In addition, welding in general doesn't require high voltage, but rather high current. As Olin explains, the high voltage is only needed to get the shielding gas ionized into a plasma state - then the high current is what keeps it going and hot.
So most welders intentionally reduce the incoming electricity to a much lower voltage, while simultaneously increasing the current. Power = Voltage * Current; when the voltage is reduced, the current can increase for the same power. Since the resistance of a plasma arc is small, it makes sense that more current is needed than voltage. This is how a welder can draw and deliver 240 VAC * 20 A = 4.8kW --> 4.8kW / 40VDC = 120 ADC into the workpiece. The welder is really a power and physics converter - it is converting 4.8kW of AC input power into a DC plasma (heat source) at the workpiece.
Now in stick (SMAW) welding, the "open" voltage can matter. If the "open" voltage is too low, it can be difficult to start and maintain an arc. I forget which, but one of the rod types requires a higher open-circuit voltage than the others. To use that rod type, the welder must support it (usually bigger models.)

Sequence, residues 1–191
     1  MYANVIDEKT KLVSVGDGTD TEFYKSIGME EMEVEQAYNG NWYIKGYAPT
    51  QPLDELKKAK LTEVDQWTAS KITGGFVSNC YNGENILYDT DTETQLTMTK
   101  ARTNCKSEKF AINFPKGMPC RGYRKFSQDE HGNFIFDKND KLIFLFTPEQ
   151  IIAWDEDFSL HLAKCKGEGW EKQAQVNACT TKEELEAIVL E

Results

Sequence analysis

Tungsten (TIG) welding is another interesting one. These come in "scratch or lift-start" (lift tip from workpiece to start, just like stick) or "HF start" models. HF start includes a high-voltage "sparker" to start the arc with the tip several mm from the work, saving wear-and-tear on the tungsten. After the arc is started though, the same rules as stick welding apply - which is why most TIG units can also do stick. Interestingly, raising the tip away from the work while the arc is established causes the arc voltage to increase. The result isn't desirable because it puts more thermal power into the workpiece, over a larger area.